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For some of us, getting rid of rubbish seems like such a simple proposition. A lot of us grew up that way, saw people doing it like that on TV or the movies, etc. When you had something that you wanted to throw away, you just tossed it in the bin and that was that. If you grew up in the 1980s or earlier, you were probably familiar with the idea that being “disposable” was a marketing feature: you use this thing just once and then you can throw it away. It’s designed not to be durable!
That disposable mindset is pretty shocking these days, what with public awareness about the dangers of plastic in the oceans and just about everywhere else. The problem with the disposable mindset is that all those disposable single-use items, from razors to nappies to plastic bags, have to go somewhere. It doesn’t get put on a spaceship and shipped off to a bottomless black hole somewhere in the middle of the galaxy. It stays right here on Planet Earth, and as we all know, there is only a finite amount of space on the planet and it’s probably best if we don’t fill it all up with rubbish and other unwanted junk.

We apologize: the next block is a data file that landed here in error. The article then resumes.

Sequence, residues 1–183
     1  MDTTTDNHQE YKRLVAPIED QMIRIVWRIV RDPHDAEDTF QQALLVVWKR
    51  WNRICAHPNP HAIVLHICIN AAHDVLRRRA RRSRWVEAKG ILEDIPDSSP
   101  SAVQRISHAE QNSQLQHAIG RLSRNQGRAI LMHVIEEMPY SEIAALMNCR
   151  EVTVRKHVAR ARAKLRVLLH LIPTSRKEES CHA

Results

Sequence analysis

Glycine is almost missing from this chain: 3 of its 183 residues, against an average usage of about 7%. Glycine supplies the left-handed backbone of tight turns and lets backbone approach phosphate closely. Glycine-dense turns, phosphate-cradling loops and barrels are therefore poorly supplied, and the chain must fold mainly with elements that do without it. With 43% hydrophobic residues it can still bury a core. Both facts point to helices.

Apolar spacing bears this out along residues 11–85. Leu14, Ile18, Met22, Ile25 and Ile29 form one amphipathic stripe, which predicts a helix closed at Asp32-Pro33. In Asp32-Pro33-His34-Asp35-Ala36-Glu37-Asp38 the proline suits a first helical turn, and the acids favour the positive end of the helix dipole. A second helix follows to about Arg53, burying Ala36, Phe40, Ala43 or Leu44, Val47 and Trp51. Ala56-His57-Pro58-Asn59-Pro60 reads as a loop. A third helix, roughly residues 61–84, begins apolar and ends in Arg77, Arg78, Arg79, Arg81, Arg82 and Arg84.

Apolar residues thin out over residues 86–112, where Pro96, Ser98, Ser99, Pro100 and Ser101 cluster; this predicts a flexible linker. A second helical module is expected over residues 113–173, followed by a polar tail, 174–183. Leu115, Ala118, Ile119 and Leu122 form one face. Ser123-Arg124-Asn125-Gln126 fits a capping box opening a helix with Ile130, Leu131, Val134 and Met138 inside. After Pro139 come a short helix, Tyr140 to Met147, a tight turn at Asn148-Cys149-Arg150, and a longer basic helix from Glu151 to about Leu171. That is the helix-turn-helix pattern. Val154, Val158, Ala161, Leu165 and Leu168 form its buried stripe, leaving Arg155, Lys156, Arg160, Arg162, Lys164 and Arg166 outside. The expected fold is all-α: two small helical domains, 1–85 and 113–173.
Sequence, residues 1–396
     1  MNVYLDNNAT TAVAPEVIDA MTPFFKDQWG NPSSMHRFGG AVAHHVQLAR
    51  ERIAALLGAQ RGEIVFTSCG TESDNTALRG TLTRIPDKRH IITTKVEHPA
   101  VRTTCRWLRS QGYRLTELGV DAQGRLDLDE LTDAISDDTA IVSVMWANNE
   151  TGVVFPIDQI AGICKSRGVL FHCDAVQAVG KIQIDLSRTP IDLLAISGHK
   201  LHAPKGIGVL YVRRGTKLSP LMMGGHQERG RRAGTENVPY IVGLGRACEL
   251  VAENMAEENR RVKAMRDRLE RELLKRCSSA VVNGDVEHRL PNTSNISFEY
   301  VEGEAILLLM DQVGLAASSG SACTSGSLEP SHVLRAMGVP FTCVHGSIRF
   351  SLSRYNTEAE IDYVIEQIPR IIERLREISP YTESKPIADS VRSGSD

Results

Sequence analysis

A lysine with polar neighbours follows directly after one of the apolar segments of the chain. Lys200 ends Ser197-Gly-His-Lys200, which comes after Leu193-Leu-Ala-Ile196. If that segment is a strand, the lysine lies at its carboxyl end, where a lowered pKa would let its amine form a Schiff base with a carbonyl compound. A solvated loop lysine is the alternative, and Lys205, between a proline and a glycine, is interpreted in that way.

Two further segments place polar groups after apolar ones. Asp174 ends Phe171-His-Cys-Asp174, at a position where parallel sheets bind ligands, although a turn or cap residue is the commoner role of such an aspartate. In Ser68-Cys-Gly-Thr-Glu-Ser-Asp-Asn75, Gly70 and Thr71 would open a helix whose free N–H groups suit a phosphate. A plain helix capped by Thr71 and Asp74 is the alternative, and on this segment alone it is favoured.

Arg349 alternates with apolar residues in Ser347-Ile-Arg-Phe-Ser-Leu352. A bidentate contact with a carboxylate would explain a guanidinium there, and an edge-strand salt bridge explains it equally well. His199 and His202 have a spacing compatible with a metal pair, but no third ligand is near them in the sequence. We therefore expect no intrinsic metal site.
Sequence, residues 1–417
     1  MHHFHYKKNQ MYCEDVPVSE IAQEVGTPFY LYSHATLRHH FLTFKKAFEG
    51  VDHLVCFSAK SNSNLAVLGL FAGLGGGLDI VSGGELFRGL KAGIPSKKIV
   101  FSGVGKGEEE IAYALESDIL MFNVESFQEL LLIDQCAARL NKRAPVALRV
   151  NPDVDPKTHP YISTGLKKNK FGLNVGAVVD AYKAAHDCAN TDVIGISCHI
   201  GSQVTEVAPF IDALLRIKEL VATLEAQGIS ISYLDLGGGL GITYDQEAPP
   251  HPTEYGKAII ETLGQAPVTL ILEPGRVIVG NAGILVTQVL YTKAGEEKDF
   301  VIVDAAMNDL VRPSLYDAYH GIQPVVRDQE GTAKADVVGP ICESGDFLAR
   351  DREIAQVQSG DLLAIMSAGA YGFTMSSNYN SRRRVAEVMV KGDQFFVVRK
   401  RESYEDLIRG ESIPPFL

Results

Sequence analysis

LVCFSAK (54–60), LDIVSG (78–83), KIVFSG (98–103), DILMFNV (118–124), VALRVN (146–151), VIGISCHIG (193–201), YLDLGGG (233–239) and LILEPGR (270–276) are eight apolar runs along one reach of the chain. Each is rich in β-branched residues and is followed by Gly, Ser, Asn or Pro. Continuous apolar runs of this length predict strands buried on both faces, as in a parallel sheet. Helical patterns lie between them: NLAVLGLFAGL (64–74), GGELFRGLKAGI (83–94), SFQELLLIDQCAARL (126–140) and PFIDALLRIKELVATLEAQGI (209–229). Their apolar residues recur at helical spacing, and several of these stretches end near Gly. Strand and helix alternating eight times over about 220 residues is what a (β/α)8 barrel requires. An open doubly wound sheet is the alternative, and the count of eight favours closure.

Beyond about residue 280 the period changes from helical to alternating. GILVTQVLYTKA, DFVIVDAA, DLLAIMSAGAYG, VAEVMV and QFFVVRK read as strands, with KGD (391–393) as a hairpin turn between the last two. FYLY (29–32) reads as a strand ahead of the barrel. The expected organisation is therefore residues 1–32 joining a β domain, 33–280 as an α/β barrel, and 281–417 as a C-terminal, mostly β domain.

Some Scary Rubbish Facts
If we take just the city of London alone, to say nothing of the rest of the UK or other major cities around the world, the facts about rubbish are pretty scary. Here are a few of the frightening facts about London’s rubbish disposal habits that we came across:
- The average London household churns out close to a ton of waste every year – that’s approximately the same weight as a standard family car.